Former Marines John “Tig” Tiegen and Mark “Oz” Geist never aspired to write a book about their experiences in Benghazi.
That was before politics “hijacked” the story, according to Tiegen.
Geist was not a public figure. He did not like having his picture taken; he said there were only around 10 pictures of him before he was deployed to Benghazi. He felt, however, that his personal story had to become public when his experiences became political for others.
“The politics took over the story,” Geist said. “Four guys weren’t being honored. It was more of just using their deaths as a political game for the left and right.”
That book, 13 Hours: The Inside Account of What Really Happened in Benghazi, was published Sept. 9, 2014. Now, a film based on the book, 13 Hours: The Secret Soldiers of Benghazi, will be released on Jan. 15, 2016. The two former Marines promoted the film at the Four Seasons Hotel in Downtown St. Louis.
Battle of Benghazi
The American diplomatic compound in Benghazi, Libya was attacked by Islamic militants on Sept. 11, 2012, the 11th anniversary of the 9/11 attacks. The attacks resulted in the deaths of U.S. Ambassador J. Christopher Stevens, U.S. Foreign Service Information Management Officer Sean Smith, CIA contractors Tyrone S. Woods and Glen Doherty and various Libyan attackers.
Tiegen is a former Marine Sergeant from Colorado. He was in his third rotation to Benghazi as part of the CIA’s Global Response Staff when the attack occurred. The Global Response Staff is tasked with security operations abroad made up of security contractors.
He had previously served as a security contractor for Blackwater, a security services training company, on missions in Afghanistan, Pakistan and Iraq.
Geist, also a Colorado native, joined the U.S. Marine Corps in 1984. 12 years later, he became a deputy sheriff in Teller County, Colorado. In 2004, Geist began doing contract security work in Iraq for security service company Triple Canopy.
After leaving the position, he worked for the United States Investigative Security Details, training Iraqi SWAT teams and Personal Security Details.
He finished his career as a security contractor in Benghazi.
Tiegen and Geist believe that the impulse to help others just comes naturally and the attack only furthered that claim.
“For a lot of military, it’s a natural thing,” Tiegen said. “You hear somebody calling for help, you’re going to go and do it regardless if your life is at risk or not.”
Political no more
Geist said the book was in response to the political issues that he said took center stage in the aftermath of the attack. He, along with Tiegen and other Annex Security Team members, wanted to tell the personal stories of the men who defended the compound without any political agenda.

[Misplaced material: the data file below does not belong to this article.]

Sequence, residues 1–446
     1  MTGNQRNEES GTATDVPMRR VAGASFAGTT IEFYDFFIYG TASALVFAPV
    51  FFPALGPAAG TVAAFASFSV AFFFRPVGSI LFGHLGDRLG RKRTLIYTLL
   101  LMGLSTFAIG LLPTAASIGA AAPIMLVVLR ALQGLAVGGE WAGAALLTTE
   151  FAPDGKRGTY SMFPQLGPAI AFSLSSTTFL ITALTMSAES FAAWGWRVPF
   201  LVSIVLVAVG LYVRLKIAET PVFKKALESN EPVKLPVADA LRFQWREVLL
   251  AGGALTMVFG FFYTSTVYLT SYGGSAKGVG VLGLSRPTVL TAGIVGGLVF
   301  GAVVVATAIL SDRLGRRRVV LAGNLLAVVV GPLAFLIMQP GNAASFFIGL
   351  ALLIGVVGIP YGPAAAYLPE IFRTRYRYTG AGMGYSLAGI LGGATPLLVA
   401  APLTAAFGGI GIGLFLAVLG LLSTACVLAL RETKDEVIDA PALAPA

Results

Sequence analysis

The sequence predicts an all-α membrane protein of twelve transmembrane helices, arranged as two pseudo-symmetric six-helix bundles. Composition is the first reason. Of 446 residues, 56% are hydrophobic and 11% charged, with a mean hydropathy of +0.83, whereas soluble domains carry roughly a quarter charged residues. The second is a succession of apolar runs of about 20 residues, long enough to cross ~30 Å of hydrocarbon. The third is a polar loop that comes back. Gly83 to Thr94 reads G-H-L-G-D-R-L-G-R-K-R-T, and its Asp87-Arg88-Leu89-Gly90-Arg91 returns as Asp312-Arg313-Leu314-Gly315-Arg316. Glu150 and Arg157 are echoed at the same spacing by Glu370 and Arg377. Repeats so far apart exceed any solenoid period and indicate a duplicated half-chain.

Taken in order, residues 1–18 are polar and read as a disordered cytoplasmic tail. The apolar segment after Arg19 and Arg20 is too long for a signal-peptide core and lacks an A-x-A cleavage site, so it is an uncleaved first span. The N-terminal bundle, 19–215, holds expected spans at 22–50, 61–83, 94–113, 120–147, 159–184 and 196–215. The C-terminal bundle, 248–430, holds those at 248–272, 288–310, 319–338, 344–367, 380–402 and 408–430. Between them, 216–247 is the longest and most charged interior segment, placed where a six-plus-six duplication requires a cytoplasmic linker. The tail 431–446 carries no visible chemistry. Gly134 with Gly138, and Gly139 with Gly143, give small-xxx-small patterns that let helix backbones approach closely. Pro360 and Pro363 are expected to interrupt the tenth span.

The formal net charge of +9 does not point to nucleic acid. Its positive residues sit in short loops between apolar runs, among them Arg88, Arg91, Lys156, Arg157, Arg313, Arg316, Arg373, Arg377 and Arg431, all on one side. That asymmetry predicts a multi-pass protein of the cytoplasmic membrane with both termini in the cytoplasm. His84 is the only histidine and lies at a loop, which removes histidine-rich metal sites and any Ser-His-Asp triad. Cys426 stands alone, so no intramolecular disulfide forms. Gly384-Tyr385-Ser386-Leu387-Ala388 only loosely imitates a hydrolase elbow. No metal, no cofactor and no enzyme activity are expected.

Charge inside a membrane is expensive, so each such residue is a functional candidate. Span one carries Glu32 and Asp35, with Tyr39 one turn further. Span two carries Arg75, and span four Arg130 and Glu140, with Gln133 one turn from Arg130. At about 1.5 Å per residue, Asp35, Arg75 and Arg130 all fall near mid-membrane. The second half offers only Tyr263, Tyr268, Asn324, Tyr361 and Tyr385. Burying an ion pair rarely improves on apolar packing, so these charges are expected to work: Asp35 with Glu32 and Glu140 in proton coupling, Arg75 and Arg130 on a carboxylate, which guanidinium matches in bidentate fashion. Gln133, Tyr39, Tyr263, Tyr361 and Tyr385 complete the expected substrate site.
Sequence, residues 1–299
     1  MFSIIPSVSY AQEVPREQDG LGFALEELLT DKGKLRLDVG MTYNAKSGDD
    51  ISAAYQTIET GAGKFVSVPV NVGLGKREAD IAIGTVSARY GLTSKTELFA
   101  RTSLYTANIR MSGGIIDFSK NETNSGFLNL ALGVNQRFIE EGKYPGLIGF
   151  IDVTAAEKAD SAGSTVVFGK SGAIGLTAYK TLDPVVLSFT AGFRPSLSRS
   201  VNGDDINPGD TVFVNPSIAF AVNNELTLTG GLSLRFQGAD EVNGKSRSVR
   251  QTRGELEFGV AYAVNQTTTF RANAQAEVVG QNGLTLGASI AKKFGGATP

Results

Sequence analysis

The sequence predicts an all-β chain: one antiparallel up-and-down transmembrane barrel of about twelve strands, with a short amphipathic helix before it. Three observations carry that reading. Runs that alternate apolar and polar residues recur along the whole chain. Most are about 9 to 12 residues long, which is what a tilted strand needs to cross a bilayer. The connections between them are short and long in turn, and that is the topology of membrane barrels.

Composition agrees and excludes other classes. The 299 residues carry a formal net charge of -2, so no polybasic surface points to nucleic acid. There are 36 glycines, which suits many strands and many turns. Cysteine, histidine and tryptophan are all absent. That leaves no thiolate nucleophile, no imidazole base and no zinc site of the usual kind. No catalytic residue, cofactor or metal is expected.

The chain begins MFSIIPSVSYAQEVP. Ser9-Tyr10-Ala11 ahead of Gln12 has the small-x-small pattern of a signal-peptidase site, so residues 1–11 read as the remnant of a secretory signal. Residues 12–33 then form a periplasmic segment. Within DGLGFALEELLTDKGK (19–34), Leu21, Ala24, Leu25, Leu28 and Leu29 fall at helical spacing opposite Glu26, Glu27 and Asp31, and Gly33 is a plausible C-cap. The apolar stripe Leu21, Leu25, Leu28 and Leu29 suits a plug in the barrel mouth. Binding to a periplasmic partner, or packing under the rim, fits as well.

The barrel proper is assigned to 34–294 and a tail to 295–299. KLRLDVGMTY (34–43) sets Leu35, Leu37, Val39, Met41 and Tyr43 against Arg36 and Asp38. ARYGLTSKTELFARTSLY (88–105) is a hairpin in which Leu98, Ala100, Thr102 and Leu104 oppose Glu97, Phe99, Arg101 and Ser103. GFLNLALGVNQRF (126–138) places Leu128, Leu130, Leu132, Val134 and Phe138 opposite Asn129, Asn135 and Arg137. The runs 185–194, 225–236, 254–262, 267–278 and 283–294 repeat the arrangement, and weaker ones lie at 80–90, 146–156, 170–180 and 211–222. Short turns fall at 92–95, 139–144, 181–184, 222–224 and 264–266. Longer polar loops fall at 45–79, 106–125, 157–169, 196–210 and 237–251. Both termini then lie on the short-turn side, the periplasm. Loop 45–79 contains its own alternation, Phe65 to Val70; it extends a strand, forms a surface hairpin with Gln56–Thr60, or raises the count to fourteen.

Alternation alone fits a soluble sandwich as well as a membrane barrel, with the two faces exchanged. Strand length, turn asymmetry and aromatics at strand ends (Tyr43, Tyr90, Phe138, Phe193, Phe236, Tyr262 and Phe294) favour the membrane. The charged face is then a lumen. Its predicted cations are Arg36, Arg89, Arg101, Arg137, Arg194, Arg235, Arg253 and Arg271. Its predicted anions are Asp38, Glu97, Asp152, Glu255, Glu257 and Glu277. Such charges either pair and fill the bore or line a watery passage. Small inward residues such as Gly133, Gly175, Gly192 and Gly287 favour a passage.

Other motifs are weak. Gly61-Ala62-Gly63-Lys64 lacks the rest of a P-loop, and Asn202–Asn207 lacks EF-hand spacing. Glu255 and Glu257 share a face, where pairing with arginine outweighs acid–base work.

The book, which they co-authored with Mitchell Zuckoff, was adapted by screenwriter Chuck Hogan for Paramount Pictures. The resulting film is directed by Michael Bay. Bay is known for directing Bad Boys I and II, Pearl Harbor, The Rock, Armageddon and the Transformers series.
Tiegen and Geist hesitated at first to hand over their story to Hollywood.
“Hollywood can take a story and turn it into something else sometimes,” Tiegen said. “There were liberties that were going to be taken to make the story more entertaining, but we wanted to make sure the story was being told correctly.”
Tiegen and Geist said that Paramount Pictures and Bay cared about the story so much that they had confidence in the film adaptation. They said working with Bay was a very “intense” experience.
“He’ll start doing a scene and you see his mind just clicking constantly,” Tiegen said.
Geist said it is not easy to condense 13 hours into a two-hour film, but Bay did it without losing the essence of the story. He said the film captures, as the trailer says, “the true story you were never told.”
“You don’t lose the honor and the sacrifice that should be brought to these four Americans that died,” Geist said.
Geist said he and other team members made it known to Paramount and Bay that they would not be pleased if the story was not told as authentically as possible.
Geist and Tiegen were on set as consultants to help with set design and scripting issues. They also helped the cast capture the personality quirks of the team members accurately, like Geist having no filter and Tiegen not being a big talker.
Geist is portrayed by Max Martini and Tiegen is portrayed by Dominic Fumusa.
“They [the actors] brought a lot of dedication in getting us down correctly,” Tiegen said.
Geist said he would encourage politicians who are following the Benghazi situation to watch the movie and see the human side of that night without any prejudgments.
“I think it will make a difference in people’s view in how things happened,” Geist said.
The film will be released Jan. 15, 2016.
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